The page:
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| 4 minutes read

From open banking to open finance – European Commission unveils rules on financial data access (FIDA)

At a time in which citizens struggle to efficiently control access and sharing of their data, the European Commission (“Commission”) decided to release, on 28 June, its long-awaited proposal to set out a comprehensive framework for financial data access (“FIDA”).

The proposal should be seen in the context of the Commission’s aspirations to strengthen new and technology-driven business models belonging to the “data economy.” The financial sector's strong focus on customer data and its informative value makes financial institutions a particularly suitable starting point for data sharing with other businesses. Notwithstanding the existing lack of clear rules on data-sharing, the perceived lack of access of customers to “their” data and of a standardised transfer format and interfaces is considered to hamper the growth of these business models.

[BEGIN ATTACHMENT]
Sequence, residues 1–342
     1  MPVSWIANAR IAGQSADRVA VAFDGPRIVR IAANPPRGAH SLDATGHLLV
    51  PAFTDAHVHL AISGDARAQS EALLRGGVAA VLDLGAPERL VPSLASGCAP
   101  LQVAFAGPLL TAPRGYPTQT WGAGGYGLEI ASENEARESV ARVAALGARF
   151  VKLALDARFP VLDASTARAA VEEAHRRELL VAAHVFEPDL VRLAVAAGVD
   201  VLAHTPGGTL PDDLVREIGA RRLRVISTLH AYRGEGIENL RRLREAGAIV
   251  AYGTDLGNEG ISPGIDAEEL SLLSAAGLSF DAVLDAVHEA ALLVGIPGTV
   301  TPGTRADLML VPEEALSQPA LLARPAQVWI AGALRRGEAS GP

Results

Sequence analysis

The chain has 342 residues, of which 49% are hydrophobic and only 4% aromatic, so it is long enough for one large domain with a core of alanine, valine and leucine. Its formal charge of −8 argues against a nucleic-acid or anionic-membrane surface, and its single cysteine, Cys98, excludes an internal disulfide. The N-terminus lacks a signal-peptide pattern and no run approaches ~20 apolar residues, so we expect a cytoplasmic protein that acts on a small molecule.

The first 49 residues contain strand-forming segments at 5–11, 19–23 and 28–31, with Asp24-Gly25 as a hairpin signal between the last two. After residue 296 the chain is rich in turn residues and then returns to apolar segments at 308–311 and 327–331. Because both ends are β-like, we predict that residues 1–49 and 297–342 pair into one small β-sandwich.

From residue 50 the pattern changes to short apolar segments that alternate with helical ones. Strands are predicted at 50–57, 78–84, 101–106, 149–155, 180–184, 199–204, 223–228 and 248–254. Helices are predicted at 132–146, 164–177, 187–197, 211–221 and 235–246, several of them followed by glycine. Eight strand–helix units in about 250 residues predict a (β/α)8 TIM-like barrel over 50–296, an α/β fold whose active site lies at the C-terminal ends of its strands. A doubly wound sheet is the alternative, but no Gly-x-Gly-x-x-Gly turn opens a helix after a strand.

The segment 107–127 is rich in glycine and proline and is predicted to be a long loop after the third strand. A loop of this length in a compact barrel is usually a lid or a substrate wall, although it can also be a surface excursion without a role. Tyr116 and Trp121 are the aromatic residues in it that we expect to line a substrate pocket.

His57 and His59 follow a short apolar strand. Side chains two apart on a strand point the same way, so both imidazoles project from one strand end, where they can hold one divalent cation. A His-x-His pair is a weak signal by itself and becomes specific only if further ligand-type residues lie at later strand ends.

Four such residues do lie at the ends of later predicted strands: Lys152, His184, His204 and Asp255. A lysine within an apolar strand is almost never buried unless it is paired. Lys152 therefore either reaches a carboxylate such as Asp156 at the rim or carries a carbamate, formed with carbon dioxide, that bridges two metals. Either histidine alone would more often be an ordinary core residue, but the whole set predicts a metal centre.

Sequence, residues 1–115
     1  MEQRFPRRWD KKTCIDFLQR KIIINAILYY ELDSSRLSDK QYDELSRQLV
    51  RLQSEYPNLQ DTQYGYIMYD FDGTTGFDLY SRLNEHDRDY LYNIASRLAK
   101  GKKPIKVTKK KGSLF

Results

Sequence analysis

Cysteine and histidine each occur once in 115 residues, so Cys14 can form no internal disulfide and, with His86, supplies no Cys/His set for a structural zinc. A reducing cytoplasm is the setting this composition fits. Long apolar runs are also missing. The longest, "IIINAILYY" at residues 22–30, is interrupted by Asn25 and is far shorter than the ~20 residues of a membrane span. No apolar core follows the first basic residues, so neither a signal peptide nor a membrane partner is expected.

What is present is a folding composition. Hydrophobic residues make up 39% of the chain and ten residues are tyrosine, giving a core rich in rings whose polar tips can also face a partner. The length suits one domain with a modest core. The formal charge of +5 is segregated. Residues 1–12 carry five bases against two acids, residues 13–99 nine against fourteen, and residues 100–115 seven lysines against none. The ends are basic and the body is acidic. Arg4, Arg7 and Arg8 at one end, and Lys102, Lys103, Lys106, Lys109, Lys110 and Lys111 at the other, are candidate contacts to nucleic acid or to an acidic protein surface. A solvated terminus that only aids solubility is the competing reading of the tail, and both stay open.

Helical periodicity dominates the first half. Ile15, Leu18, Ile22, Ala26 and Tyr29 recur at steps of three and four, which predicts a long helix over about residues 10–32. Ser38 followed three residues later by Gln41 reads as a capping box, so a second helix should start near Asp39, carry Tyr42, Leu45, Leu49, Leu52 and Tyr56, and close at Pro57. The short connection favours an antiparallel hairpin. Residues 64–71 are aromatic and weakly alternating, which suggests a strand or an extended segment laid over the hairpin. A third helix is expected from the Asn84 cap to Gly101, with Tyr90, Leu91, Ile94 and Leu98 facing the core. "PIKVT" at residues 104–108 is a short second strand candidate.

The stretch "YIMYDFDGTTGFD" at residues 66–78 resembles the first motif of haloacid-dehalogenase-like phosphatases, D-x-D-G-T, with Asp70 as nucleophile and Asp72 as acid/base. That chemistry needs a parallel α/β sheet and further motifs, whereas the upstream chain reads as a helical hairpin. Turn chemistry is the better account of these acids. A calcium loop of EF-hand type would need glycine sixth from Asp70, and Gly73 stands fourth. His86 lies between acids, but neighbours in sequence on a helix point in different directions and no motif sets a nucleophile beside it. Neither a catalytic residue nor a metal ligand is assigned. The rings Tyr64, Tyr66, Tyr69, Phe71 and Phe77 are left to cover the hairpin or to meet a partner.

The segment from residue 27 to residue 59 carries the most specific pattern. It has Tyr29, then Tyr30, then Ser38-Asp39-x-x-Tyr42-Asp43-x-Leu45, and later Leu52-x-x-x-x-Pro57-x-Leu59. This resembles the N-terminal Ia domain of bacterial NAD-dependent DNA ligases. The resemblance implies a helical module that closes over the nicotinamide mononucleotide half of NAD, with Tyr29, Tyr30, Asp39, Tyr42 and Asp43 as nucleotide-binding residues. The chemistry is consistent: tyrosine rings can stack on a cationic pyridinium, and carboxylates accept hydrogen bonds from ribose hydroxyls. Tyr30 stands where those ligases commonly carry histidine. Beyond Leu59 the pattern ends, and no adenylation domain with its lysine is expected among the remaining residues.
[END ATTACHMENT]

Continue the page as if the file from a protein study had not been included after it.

Against this backdrop, the FIDA proposal, which was part of a broader package including legislative initiatives to review the current payments legislation and to establish a digital euro, will be a game-changer for accessing, sharing and processing financial data.

A glimpse into the new FIDA framework

Building on the lessons learnt from “open banking”, the Commission considered it necessary to establish a framework for access to individual and customer data across a wide range of financial services - beyond payment account data, which open banking targeted. This clear framework will be the basis for consumers and firms to be able to benefit from more tailored financial products and services.